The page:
Milk. It Does an Overweight Body Good.

Study finds dairy consumption lowers Type II diabetes risk

TUESDAY, April 23, 2002 (HealthDayNews) -- Maybe it's because the things in milk are good for you. Maybe it's because drinking milk means you drink less unhealthful beverages, such as soda. Maybe it's because drinking milk, or eating cottage cheese or yogurt, is an indication of a good if not perfect all-around diet.

Whatever the reason, a decade-long study finds that overweight young people who drink a lot of milk are less likely to develop insulin resistance syndrome, a forerunner of diabetes and a condition that increases the risk of heart attack and stroke.

Among the more than 3,000 people ages 18 to 30 who were followed for 10 years, those who consumed the most dairy products had a 72 percent lower incidence of insulin resistance syndrome than those with the lowest intake, says a report in tomorrow's Journal of the American Medical Association.

But that held true only for overweight young adults. In this study, people were defined as being overweight if they had a body mass index (BMI) of 25 or over. (Your BMI is about 25 if you're 5 feet, 9 inches tall and you weigh 170 pounds.) No such advantage was found in leaner people.

Insulin resistance syndrome means high blood pressure, glucose intolerance, and a bad blood lipid profile, high in dangerous triglycerides and low in helpful high-density lipoproteins. Incidence of the syndrome has been rising in the United States for the past three decades.

"I'm aware of published papers from the U. S. Department of Agriculture showing that milk intake over the past three decades has decreased and soda intake has increased," says Mark A. Pereira, an epidemiologist at Boston Children's Hospital and Harvard Medical School, who led the study. "Children who drink more soda drink less milk and have a worse diet, with fewer fruits, grains and whole-grain products."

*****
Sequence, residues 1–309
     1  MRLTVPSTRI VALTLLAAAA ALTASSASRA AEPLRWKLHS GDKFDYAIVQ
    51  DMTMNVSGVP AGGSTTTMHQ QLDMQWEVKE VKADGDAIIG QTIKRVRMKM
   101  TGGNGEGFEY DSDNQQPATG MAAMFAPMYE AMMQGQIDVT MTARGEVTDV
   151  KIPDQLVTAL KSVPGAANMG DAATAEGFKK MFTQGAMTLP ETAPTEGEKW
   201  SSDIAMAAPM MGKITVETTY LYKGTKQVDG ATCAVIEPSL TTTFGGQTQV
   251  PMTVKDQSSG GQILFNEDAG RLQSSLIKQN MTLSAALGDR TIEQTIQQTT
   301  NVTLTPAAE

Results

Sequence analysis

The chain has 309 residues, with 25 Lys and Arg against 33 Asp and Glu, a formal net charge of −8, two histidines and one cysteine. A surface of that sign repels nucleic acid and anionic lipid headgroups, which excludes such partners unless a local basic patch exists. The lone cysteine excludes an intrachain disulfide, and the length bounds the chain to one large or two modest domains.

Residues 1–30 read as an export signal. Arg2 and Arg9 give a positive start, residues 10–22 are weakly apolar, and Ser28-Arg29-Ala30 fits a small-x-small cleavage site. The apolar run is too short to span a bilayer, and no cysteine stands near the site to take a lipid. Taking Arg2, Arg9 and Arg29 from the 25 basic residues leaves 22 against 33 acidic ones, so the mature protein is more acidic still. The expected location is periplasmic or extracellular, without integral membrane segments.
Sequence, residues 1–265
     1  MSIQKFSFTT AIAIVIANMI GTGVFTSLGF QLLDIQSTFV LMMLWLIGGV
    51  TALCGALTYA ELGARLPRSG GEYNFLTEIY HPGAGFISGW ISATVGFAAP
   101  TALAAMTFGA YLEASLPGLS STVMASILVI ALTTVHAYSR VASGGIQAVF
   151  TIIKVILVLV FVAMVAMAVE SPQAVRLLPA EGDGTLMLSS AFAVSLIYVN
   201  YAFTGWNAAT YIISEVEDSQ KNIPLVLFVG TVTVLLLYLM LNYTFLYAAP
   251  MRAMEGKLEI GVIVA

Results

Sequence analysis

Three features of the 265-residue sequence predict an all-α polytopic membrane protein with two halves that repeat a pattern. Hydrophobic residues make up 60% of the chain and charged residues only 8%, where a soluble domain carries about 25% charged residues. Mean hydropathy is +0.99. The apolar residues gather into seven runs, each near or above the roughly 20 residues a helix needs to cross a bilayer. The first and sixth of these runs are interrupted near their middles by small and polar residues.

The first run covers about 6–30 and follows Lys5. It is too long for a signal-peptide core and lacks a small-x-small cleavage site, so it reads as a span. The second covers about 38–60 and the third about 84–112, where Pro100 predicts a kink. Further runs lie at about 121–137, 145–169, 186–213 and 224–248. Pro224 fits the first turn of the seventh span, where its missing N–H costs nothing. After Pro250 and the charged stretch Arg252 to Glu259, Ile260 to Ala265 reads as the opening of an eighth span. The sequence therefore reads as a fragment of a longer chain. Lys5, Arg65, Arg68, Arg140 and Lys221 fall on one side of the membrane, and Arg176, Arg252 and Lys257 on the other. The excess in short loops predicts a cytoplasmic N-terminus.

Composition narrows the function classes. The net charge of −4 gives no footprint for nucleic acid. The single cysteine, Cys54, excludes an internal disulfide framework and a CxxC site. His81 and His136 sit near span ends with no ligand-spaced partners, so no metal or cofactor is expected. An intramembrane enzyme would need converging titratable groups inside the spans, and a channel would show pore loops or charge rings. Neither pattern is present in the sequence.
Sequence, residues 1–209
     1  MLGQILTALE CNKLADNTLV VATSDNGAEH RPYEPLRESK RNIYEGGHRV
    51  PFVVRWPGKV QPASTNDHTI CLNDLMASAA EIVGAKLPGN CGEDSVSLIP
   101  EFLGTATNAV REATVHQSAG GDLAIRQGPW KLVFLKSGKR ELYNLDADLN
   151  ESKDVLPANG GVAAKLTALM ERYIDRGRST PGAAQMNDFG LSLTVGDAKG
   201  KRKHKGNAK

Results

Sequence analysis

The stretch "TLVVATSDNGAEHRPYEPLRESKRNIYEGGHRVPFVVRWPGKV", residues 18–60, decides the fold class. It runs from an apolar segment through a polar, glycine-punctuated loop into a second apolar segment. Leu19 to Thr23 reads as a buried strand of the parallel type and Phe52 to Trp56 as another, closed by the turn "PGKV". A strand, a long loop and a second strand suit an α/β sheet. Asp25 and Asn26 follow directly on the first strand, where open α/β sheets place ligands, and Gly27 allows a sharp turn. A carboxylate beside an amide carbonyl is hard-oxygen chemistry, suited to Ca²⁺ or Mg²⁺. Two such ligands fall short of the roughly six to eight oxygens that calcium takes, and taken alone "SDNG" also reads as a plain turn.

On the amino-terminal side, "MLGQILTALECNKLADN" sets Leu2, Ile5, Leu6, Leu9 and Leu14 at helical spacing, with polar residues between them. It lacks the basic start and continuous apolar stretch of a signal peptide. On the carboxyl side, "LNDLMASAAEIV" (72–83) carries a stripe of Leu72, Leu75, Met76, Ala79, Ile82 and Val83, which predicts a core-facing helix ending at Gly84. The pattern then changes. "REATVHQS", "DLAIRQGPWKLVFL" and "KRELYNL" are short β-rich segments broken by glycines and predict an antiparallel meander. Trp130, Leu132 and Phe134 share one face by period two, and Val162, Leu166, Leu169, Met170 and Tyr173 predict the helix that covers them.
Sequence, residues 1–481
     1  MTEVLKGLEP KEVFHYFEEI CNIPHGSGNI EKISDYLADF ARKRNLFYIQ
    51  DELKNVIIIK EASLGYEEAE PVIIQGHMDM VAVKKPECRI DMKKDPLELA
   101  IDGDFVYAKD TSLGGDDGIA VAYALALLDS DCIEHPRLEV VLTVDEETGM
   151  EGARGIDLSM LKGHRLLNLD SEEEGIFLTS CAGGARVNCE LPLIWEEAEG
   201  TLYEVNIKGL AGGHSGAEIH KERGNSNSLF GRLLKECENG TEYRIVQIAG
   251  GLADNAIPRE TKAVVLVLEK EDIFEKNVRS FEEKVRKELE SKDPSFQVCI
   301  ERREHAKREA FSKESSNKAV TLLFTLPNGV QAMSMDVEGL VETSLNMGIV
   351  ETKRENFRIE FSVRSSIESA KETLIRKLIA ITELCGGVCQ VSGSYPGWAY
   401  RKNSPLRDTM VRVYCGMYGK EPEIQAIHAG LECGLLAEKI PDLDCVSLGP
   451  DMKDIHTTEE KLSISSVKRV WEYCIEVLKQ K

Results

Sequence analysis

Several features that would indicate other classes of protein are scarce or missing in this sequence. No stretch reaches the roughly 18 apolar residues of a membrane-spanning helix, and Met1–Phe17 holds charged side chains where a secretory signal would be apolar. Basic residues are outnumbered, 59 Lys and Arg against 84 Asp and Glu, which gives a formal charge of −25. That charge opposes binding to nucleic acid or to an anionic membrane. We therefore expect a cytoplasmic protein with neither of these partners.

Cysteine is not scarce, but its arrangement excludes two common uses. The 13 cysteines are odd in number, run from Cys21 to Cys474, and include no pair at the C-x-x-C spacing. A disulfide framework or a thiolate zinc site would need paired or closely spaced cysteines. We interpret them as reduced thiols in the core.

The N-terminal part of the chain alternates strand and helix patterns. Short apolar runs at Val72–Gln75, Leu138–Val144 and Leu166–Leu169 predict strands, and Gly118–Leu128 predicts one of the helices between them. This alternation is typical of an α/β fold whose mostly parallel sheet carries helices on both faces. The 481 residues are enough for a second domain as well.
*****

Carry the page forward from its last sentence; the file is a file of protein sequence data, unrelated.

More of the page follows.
With some glaring exceptions, milk has good things in it, Pereira says. The sugars it contains are complex, "very different from the sugars in candy. They are converted to blood sugar at a lower rate," he says.

And milk contains a lot of useful protein, he adds, which means that "it is more filling than soda. People who drink milk are less likely to eat too much because it is more filling."

One downside is the fat in whole milk, Pereira acknowledges. That problem can be dodged by observing the American Heart Association dietary rules, which recommend "a couple of servings a day of reduced-fat dairy products," he says.

And the carbohydrate in milk is lactose. Some people have a deficiency of lactase, the enzyme needed to digest lactose. Lactase deficiency occurs in about 15 percent of whites and perhaps 80 percent of blacks and Asians, causing abdominal cramps, bloating, diarrhea and other problems.

With those caveats in mind, Pereira sums up, the study results indicate that "not only milk but all types of dairy products protect against diabetes and heart disease."

"This is just another reason to make sure you include dairy in your diet," says Deanna Rose, a registered dietician in the Philadelphia office of the National Dairy Council. "A while ago there was a report that three servings a day can prevent osteoporosis, more recently that it can reduce high blood pressure. There is a combination of ingredients there that you need for a healthy diet."

Fat? Lactose? Not to worry, says Rose -- just browse through the dairy section of the market.

"There will be something in the dairy case that will be fat-free or lactose-free," she says. "It doesn't matter if it is whole milk, lactose-free milk, or low-fat milk. Lactose intolerance doesn't necessarily mean dairy intolerance. People can include smaller amounts of dairy products. Many tolerate cheeses better than milk. Or there is yogurt. A cup of yogurt has the same amount of calcium as a cup of milk."

If there was a weakness in the study, Pereira says, it is that it was not the gold-standard kind of trial, a randomized study in which some people consistently followed one dietary pattern and others followed another. Instead, it relied on the participants' reports of what they ate.

"We may do a randomized clinical trial sometime," he adds. "It would help us get a handle on cause and effect. Is it the replacement by milk of less helpful foods, or is it the specific effect of some of these nutrients in milk?"

What To Do

If you stick to low-fat products, milk and other dairy foods can be an essential part of a diet to reduce the risk of diabetes and heart disease. An ice cream sundae, for instance, would probably at best cancel itself out.

You can get official information about the kind of diet that is good for you from the American Heart Association. Meanwhile you can read a detailed explanation of the Department of Agriculture's Food Guide Pyramid.

What's your BMI? The Centers for Disease Control and Prevention can calculate it for you.

SOURCES: Mark A. Pereira, Ph.D, epidemiologist, Boston Children's Hospital, Harvard Medical School; Deanna Rose, M.A., registered dietician, National Dairy Council, Philadelphia; April 24, 2002, Journal of the American Medical Association
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